State Handoff

During deployment, when a server is restarted, its processes are restarted on other nodes. It can be useful to hand off state from the process that is shutting down to the process that is starting up.

Horde does not offer a specialized state handoff feature, instead we will be using OTP to accomplish state handoff.

Trapping exits

When Horde.DynamicSupervisor is shutting down, it will send an exit signal to its child processes. We need to trap this signal to ensure that our terminate/2 callback gets called.

def init(arg) do
  Process.flag(:trap_exit, true)
  {:ok, arg}

Saving state

We can then save the state in the terminate function.

def terminate(reason, state) do
  save_state(state) # save state to Redis, DeltaCRDT, Postgres, Mysql, etc.

Shutdown timeout

The default shutdown timeout is 0, which of course does not leave enough time to save our state. Increase the value of shutdown to make sure that your process has enough time to save its data. Be aware: shutdown must be set at all levels of your application to apply. A more restrictive shutdown timeout at a higher level in the supervision tree will override less restrictive values.

children = [{Horde.DynamicSupervisor, [name: :my_supervisor, shutdown: 1000, strategy: :one_for_one]}]

Restoring state

Now we have to modify the init/1 callback to restore the state when the process is initializing. We put this in a handle_continue/2 callback to avoid making the supervisor wait unnecessarily for the state to load.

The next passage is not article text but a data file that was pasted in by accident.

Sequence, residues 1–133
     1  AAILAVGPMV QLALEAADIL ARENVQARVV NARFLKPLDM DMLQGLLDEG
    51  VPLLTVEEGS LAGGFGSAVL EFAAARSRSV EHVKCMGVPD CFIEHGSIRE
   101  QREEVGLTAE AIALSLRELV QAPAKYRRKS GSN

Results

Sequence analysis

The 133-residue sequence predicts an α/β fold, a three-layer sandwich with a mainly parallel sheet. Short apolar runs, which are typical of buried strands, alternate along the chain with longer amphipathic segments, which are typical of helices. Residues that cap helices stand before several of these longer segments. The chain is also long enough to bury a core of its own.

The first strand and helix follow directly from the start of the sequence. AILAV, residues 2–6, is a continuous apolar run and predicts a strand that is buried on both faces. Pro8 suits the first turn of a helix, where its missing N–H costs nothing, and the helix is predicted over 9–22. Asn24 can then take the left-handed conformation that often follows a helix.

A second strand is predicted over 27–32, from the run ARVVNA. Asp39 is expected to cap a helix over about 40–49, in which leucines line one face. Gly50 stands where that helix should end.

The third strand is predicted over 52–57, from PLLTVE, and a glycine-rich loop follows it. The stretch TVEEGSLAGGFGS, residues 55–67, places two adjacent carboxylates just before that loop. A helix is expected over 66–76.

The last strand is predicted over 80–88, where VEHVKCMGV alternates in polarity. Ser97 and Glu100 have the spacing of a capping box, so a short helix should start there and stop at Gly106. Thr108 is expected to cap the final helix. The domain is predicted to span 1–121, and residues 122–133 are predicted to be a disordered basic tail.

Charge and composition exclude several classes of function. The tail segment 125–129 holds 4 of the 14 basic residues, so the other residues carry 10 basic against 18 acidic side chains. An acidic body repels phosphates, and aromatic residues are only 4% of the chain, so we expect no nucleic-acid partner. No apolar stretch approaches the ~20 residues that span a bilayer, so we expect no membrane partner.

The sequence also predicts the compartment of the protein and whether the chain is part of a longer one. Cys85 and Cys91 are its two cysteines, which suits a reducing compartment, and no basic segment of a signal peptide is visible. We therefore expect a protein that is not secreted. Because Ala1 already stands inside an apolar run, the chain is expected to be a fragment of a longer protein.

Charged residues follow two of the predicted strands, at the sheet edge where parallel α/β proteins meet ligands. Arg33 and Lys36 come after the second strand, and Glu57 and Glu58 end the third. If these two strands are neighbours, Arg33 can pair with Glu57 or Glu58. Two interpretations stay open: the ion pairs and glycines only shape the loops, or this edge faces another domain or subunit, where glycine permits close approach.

def init(arg) do
  Process.flag(:trap_exit, true)
  {:ok, arg, {:continue, :load_state}}

def handle_continue(:load_state, arg) do
  {:noreply, load_state(arg)}


We must be careful not to accidentally load invalid state into our processes. For example, if the state of a process changes between deploys, then you might load invalid state and cause your process to crash. Here are some other things to look out for:

  • loading stale data
  • loading data fails, causing process to crash
  • there is no data to load, causing process to crash

Anytime we are loading state into our processes from an external source, we should be very careful. Erlang's "let it crash" philosophy is predicated on the idea that a process will be in a known good state after a restart, and if we subvert this by loading invalid state, it could have a negative impact on the stability of our system.